Science ‐ Lower 5th Grade St. George's College November, 2008 1
Brainstorming: What is Electricity?
Lower 5th A ‐ Electricity Name
Joaquin Mariano A. Victoria Melanie Alejandro Jose Fabrizio Joshua Edinson Hector Daniela Humberto Kymberly Alexandra Enzo Ariana Martin Mariano R. Stheffany Ana Caroline Bruno Rodrigo Sandra Maria Laura
Brainstorming: What is similar between Sound and Light?
Lower 5th B ‐ Electricity Name
Carlos Anais Miguel Mariana Christopher Adriana Santiago Felipe Sol Gabriela Alexandra Valeria J. Eduardo Giosue Valeria P. Henry Alessio Sebastian Isabel Karen Erick Camila Bryan Jimena Arturo Maria Fernanda Diana Daniel Jesus Paola
Objectives • Define Static Electricity. • Recognize the interaction between objects that are electrically charged. • Explain what causes an Electric Field. • Recognize and describe the similarities and differences between a series and parallel circuit. • Recognize the physical properties of matter, including conduction. • Describe the importance of the conversion of energy to other forms of energy.
Note: Most of the objectives will be covered in class, however the student must be responsible for those objectives not covered or concluded.
Vocabulary Charge: a measure of the extra positive or negative particles that an object has. Static Electricity: an electric charge that stay on an object. Electric Field: the space around an object in which electric forces occur. Electric Current: a flow of electric charges. Circuit: a path that is made for an electric current. Electric Cell: a device that supplies energy to move charges through a circuit. Conductor: a material that electric current can pass through easily. Insulator: a material that current cannot pass through easily. Resistor: a material that resists the flow of current but doesn't stop it. Series Circuit: a circuit that has only one path for current. Parallel Circuit: a circuit that has more than one path along which current can travel.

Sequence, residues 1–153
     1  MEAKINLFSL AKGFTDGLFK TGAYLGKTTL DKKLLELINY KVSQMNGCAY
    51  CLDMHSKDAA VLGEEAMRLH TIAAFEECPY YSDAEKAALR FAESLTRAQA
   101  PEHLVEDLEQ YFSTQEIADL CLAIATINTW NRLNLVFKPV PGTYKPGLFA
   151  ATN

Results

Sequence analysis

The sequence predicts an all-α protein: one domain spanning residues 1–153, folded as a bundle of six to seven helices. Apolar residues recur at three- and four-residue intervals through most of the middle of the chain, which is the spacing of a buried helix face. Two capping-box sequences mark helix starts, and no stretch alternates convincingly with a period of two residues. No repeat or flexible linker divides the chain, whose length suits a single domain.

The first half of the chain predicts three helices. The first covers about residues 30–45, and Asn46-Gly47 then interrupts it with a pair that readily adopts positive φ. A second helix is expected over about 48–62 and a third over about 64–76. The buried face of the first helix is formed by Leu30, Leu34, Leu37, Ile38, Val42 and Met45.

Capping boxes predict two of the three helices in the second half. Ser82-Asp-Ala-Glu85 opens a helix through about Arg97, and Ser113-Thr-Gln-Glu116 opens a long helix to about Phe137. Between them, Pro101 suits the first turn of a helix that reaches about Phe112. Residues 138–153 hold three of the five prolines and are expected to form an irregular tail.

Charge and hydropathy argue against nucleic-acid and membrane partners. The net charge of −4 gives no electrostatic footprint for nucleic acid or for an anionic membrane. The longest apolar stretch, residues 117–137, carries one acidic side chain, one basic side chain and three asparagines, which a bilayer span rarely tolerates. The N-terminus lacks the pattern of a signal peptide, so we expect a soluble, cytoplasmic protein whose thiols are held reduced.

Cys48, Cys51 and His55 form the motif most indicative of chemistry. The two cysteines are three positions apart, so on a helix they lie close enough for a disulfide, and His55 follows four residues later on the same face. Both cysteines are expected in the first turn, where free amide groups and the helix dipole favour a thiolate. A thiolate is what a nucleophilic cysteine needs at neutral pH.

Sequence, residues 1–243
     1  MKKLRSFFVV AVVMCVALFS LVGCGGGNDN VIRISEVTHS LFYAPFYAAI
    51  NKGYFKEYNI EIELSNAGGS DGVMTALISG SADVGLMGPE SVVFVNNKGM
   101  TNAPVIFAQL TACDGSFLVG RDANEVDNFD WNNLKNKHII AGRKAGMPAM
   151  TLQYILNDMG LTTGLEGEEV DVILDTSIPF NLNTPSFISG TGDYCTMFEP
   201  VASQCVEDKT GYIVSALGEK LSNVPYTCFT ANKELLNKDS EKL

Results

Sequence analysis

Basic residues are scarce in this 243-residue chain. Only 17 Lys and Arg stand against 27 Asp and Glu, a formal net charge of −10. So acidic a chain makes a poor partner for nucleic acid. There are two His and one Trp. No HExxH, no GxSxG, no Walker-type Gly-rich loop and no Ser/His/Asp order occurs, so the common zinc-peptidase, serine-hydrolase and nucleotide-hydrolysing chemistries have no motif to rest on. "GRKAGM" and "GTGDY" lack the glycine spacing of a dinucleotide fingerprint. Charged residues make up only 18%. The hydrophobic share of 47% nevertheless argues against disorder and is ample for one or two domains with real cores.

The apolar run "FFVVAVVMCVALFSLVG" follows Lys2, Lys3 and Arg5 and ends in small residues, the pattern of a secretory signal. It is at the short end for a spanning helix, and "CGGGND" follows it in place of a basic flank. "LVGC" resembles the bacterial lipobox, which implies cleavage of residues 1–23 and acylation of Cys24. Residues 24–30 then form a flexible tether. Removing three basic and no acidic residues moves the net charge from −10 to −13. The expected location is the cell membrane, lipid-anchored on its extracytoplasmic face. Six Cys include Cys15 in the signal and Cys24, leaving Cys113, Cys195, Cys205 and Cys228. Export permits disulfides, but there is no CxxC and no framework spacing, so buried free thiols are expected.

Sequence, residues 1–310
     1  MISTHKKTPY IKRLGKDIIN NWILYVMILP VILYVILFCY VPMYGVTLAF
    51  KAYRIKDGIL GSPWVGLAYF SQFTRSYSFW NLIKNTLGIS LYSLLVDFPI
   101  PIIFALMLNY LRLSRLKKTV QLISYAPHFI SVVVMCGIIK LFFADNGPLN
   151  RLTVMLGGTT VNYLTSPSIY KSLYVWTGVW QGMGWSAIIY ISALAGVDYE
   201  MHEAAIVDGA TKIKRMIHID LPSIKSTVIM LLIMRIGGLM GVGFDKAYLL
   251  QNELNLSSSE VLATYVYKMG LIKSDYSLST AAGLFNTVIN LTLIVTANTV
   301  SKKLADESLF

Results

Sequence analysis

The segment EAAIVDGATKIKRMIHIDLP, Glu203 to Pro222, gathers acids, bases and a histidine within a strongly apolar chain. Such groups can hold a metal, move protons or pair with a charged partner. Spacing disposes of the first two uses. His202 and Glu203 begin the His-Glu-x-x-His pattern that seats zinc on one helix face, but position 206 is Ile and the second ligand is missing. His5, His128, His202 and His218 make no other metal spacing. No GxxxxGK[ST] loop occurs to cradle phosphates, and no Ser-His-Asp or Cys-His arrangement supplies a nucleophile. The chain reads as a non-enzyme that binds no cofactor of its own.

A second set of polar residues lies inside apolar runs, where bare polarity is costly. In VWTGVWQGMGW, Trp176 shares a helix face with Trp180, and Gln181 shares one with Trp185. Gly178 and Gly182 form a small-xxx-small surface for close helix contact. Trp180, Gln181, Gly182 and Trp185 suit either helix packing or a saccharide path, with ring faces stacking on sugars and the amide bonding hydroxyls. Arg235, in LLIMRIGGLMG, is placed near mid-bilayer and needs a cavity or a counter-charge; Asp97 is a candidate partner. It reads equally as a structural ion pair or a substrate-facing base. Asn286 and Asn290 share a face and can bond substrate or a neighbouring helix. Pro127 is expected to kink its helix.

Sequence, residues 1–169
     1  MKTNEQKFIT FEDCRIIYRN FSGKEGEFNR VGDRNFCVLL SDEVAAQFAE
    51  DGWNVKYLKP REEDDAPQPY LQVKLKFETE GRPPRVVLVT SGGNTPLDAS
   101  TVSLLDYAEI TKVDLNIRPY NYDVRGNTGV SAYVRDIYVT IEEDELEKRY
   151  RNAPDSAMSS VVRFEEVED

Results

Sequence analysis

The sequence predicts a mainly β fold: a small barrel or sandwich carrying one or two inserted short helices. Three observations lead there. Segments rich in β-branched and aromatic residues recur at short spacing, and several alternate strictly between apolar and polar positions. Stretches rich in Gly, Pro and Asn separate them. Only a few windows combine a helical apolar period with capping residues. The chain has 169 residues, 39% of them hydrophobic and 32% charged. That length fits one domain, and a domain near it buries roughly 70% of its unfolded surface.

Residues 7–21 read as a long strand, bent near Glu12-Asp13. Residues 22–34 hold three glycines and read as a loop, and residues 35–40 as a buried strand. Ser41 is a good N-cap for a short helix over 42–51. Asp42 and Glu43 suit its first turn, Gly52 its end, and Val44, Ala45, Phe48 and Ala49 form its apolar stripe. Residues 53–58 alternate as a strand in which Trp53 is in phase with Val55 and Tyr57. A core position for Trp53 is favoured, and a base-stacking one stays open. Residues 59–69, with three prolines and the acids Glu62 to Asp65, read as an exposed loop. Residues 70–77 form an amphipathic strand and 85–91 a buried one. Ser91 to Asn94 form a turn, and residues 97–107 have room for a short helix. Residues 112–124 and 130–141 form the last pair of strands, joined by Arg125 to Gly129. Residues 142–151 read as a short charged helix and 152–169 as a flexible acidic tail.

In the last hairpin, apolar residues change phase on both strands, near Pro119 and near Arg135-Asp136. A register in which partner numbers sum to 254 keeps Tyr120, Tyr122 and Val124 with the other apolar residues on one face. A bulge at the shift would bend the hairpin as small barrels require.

Note: Most of the vocabulary words will be covered in class, however the student must be responsible for those words not covered or concluded.
Lesson 1: What is Static Electricity?
Static Electricity • Matter in an object normally has equal numbers of positive and negative particles. It is neutral. • Rubbing two objects together, however, can move negative particles from one object to the other. • Charge is a measure of the extra positive or negative particles that an object has. • The charge that stays on an object is called static electricity. Static means "not moving".
Separating Charges • You can separate the negative and positive charges of many objects by rubbing them together. • Rubbing pulls negative charges off one object onto the other.
Electric Forces • The push or pull between objects with different charges is an electric force. • An electric force causes two objects with opposite charges to attract, or pull, each other. • An electric force causes two objects with like charges to repel, or push away from, each other. • The space where electric forces occur around an ibject is called an electric field.
Lesson 2: What is an Electric Current?
Electric Currents • A flow of electric charges is called an electric current. Current is measured in amperes. • A path that is made for an electric current is called a circuit. • A battery is an electric cell, which supplies energy to move charges through a circuit. The energy a battery can provide is measured in volts.
Controlling Current • A circuit with a battery, bulb, and wires contains different matter such as copper and plastic. You can classify these materials by the way they control the flow of charges through them. • A conductor is a material that current can pass through easily. Most metals are good conductors of electric current. • A material that current cannot pass through easily is called an insulator. • A switch uses conductors and insulators to make and break a circuit. • When the switch is on, two conductors touch. When they touch, the path is complete. The current flows through the circuit. • When the switch is off, air separates the two conductors, breaking the path. No current can flow. • Some materials cut down, or resist, the flow of charges, such material is called a resistor.
Identify the images.
Series Circuit • A circuit that has only one path for the current is called a series circuit.
• What happens if you remove one bulb or a bulb burns out? The single path is broken. • No current moves through the circuit. As a result, the second bulb will go out.
Parallel Circuit • A parallel circuit has more than one path for current to travel. • Part of the current moves through each part of the circuit. • What happens when a light bulb is removed from the circuit? • The current still moves through the other path. The second bulb stays lit.